The news that a Mexican illegal alien amassed a large fortune by illegally operating a construction company while employing other illegal aliens and living in a Bartow County compound — complete with a security wall and armed guards – presents a golden opportunity for Gov. Brian Kemp. That is, if the new governor wants to make clear his determination to fight illegal immigration.
It cannot be said enough: The chief cause of illegal immigration is illegal employment. Reduce the former and see less of the latter. Fewer illegal aliens equals fewer crimes committed by illegal aliens. It seems obvious.
As the anti-enforcement Georgia Budget and Policy Institute was kind enough to remind us last summer, Georgia is home to more illegal aliens than Lawful Permanent Residents (green card holders). Only the most politically blind and naïve still hold out hope that congress will accomplish anything meaningful on ending the illegal immigration crisis.
The logical conclusion is that state and local governments should use all available tools to make Georgia as inhospitable as possible to illegal employers and illegal aliens. That would include unapologetic enforcement of state laws already in place.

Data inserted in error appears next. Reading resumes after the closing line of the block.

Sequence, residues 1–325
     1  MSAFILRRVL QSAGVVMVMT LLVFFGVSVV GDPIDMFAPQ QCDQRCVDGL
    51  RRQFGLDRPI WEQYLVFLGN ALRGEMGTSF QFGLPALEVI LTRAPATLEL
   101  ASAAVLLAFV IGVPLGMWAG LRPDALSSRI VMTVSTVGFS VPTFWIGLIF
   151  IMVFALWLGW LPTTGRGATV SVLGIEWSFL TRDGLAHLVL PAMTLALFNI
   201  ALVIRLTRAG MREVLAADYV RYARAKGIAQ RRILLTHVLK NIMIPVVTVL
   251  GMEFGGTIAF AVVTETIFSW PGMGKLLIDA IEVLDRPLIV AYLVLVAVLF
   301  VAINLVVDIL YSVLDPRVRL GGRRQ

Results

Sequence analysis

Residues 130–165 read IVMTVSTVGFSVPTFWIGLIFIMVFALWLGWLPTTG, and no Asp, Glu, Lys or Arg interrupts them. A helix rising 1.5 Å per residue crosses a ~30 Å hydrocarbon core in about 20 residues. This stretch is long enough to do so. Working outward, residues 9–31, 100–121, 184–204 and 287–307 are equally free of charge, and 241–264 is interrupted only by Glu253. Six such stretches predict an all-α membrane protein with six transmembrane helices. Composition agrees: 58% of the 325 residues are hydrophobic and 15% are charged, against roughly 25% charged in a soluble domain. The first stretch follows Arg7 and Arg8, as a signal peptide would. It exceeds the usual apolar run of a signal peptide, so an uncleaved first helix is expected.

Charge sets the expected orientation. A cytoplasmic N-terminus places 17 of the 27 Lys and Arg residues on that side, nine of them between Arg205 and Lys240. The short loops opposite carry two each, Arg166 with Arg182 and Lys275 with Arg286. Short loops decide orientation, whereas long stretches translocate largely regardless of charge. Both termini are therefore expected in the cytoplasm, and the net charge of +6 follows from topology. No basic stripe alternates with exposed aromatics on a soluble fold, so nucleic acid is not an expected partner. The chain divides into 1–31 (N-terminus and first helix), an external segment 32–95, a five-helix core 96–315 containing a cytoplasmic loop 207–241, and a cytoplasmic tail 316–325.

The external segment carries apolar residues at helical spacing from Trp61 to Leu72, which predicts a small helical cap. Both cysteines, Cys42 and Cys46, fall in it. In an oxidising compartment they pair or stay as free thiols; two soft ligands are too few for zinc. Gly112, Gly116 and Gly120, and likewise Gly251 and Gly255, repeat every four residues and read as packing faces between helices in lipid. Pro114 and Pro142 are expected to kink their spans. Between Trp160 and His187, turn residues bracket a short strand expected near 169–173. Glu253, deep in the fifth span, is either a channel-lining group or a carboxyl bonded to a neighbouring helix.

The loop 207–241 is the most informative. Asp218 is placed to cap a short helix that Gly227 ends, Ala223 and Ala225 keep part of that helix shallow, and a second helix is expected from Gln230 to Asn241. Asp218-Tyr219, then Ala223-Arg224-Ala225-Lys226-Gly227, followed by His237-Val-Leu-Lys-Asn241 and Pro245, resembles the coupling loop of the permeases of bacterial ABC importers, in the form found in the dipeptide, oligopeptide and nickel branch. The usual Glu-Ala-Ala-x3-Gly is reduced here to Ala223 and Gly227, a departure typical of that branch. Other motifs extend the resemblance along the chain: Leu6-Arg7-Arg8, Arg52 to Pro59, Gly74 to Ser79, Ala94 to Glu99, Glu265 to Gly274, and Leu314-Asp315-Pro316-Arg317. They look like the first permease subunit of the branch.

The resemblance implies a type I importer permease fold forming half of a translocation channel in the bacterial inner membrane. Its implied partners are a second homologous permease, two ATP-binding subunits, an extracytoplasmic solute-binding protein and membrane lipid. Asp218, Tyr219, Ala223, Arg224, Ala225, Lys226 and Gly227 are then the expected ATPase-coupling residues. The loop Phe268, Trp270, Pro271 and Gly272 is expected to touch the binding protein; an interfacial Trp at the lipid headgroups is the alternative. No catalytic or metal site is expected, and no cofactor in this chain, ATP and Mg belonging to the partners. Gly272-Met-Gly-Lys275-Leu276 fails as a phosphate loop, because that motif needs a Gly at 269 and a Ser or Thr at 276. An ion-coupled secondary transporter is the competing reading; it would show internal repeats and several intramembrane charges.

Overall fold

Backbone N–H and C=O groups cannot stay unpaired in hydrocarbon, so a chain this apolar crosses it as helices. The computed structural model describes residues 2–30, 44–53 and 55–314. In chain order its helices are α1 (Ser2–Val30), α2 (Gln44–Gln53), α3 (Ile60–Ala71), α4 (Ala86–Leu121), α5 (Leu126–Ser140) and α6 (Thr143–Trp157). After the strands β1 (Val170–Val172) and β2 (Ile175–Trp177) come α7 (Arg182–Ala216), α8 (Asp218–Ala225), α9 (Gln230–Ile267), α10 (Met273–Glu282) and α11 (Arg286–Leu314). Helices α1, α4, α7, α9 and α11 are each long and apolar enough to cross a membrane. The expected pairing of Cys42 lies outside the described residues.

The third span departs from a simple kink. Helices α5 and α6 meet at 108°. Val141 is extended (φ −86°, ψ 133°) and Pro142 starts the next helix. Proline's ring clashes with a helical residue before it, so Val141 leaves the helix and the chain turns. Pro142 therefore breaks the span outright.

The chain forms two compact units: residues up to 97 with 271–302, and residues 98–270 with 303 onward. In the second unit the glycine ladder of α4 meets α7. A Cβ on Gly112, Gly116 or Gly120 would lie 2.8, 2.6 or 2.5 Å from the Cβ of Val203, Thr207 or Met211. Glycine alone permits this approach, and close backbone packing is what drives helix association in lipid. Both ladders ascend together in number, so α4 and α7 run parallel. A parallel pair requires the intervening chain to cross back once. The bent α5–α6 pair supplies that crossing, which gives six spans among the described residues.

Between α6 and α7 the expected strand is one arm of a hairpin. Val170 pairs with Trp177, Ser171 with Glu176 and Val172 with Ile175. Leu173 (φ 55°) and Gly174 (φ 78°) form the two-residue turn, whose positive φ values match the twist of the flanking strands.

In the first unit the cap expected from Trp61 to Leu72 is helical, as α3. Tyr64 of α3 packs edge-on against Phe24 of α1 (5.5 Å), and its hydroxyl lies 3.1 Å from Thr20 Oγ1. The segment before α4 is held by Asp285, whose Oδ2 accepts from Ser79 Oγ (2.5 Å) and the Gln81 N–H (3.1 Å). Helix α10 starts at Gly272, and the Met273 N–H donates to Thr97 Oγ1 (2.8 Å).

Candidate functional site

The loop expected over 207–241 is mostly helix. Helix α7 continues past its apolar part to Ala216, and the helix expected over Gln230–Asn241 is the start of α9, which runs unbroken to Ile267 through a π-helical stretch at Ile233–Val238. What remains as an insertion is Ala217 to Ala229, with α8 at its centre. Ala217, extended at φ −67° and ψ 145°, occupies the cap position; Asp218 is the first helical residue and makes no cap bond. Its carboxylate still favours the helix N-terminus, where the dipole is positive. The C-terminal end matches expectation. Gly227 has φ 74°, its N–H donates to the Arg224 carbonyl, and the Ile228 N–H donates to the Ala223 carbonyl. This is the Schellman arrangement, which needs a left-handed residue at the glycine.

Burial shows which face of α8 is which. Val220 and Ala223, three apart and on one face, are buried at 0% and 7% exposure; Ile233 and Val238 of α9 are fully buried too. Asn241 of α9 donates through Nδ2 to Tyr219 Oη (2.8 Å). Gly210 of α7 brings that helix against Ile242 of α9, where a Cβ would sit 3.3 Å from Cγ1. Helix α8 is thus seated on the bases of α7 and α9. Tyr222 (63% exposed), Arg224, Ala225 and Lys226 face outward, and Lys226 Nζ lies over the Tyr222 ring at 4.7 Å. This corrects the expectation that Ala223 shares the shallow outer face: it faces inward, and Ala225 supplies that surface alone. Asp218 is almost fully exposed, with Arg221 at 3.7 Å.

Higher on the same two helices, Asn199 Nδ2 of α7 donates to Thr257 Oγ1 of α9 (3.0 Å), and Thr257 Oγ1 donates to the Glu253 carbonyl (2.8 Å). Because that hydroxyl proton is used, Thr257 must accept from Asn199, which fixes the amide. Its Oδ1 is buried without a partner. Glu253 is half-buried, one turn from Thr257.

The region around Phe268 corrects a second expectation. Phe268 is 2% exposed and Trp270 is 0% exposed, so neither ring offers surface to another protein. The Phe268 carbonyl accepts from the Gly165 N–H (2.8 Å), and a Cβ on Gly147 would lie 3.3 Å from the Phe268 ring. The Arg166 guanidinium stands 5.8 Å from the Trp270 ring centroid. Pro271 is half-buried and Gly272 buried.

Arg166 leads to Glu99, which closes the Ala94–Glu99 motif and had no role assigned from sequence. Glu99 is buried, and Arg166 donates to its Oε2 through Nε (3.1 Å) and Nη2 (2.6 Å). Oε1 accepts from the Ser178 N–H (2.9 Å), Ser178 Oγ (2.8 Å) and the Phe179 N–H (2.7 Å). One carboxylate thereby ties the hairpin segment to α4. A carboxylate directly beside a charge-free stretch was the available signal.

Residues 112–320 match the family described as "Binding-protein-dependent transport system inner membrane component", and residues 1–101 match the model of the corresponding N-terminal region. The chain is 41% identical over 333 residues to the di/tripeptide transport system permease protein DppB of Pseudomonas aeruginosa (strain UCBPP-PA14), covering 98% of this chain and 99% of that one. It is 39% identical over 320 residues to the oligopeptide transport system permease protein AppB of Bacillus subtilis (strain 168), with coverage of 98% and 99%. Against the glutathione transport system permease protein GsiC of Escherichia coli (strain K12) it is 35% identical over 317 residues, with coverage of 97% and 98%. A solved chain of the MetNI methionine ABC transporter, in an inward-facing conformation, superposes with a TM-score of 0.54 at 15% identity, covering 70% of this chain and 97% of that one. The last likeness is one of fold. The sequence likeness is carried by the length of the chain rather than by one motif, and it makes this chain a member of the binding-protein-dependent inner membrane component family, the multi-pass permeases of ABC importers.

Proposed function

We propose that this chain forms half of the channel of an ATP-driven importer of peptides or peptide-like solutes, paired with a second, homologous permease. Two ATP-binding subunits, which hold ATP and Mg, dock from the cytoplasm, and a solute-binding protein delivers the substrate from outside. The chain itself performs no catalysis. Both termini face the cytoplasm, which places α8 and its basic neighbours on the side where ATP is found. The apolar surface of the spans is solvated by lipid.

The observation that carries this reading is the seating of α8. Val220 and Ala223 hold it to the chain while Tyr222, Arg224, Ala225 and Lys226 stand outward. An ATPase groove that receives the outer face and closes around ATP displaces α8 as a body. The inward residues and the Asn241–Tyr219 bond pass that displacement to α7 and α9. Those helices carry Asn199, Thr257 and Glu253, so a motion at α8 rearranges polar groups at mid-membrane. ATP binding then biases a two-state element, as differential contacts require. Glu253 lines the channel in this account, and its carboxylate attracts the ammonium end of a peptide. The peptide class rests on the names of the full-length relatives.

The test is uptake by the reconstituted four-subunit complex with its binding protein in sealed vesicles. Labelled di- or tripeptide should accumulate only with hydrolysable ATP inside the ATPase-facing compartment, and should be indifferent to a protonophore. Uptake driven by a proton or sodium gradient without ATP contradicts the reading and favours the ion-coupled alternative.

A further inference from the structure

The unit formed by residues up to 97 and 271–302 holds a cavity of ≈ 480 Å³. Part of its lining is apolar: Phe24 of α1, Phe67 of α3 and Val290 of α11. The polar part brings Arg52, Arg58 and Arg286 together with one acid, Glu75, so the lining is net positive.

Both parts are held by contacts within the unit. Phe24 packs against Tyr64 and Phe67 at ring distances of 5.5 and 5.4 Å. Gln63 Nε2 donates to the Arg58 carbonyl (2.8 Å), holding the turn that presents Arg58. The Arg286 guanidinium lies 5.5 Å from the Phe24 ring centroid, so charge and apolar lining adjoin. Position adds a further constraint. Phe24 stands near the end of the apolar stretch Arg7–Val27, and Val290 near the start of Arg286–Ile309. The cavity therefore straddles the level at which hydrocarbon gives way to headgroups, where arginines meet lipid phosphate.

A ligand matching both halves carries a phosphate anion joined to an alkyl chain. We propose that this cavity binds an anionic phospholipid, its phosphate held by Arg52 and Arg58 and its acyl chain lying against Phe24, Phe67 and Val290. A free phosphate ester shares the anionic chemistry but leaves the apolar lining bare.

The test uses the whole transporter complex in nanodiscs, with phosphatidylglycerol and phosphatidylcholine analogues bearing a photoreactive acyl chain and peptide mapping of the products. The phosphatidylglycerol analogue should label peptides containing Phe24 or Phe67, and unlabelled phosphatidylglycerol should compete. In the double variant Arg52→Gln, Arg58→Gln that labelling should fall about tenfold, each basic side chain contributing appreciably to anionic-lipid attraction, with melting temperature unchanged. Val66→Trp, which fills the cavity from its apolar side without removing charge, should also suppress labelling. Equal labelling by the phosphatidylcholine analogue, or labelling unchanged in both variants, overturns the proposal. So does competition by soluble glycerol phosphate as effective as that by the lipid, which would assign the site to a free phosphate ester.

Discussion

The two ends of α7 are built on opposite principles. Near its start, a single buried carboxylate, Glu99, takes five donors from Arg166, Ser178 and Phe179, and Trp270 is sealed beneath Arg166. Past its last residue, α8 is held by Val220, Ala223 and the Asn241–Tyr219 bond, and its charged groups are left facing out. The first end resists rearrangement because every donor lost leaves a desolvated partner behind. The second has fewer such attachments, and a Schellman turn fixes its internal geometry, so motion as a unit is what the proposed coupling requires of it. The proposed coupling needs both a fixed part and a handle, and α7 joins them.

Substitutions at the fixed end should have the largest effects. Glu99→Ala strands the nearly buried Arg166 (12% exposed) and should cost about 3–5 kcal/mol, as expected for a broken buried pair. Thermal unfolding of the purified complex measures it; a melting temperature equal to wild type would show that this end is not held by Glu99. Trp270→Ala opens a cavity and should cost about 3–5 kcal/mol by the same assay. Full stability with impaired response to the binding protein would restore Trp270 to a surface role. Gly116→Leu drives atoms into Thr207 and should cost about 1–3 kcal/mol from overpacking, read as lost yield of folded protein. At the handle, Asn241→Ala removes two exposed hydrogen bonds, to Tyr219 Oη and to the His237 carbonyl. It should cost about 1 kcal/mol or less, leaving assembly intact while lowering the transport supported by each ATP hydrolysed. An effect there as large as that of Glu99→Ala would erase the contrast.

Which brings us back to the governor and Juan Antonio Perez, the illegal alien recently busted by the feds and who reportedly had somewhere around 200 employees “almost all of them here illegally.”
Kemp should consider having the GBI obtain the employment records from all of the companies operated by Perez, if he has any. Including the I-9 forms. The I-9 form is the outdated, 20th century paper device used to collect and record identity verification documents presented by new employees to the employer.
It is impossible for an illegal alien to complete the I-9 process without use of false or stolen ID. Georgia has a state law for that.
Intended to severely punish ID fraud in the process of obtaining employment, Georgia’s “Illegal Immigration Reform and Enforcement Act of 2011” (HB 87) put OCGA 16-9-121.1 in place.
“Offense of aggravated identity fraud”
(a) A person commits the offense of aggravated identity fraud when he or she willfully and fraudulently uses any counterfeit or fictitious identifying information concerning a real, fictitious, or deceased person with intent to use such counterfeit or fictitious identifying information for the purpose of obtaining employment.”
The law says that a first offense “shall be punishable by imprisonment for not less than one nor more than 15 years, a fine not to exceed $250,000.00, or both…”
To our knowledge, the law has not been enforced.
The governor can send a strong signal to illegal aliens who have little reason to avoid living and working in Georgia by application of this statute and prosecution of the victims of borders who now fearlessly commit identity fraud to reside, work illegally and lower wages in Georgia. Let’s start with the black market labor that worked for Juan Antonio Perez.
Pro-enforcement conservatives are watching.
D.A. King is president of the Marietta-based Dustin Inman Society.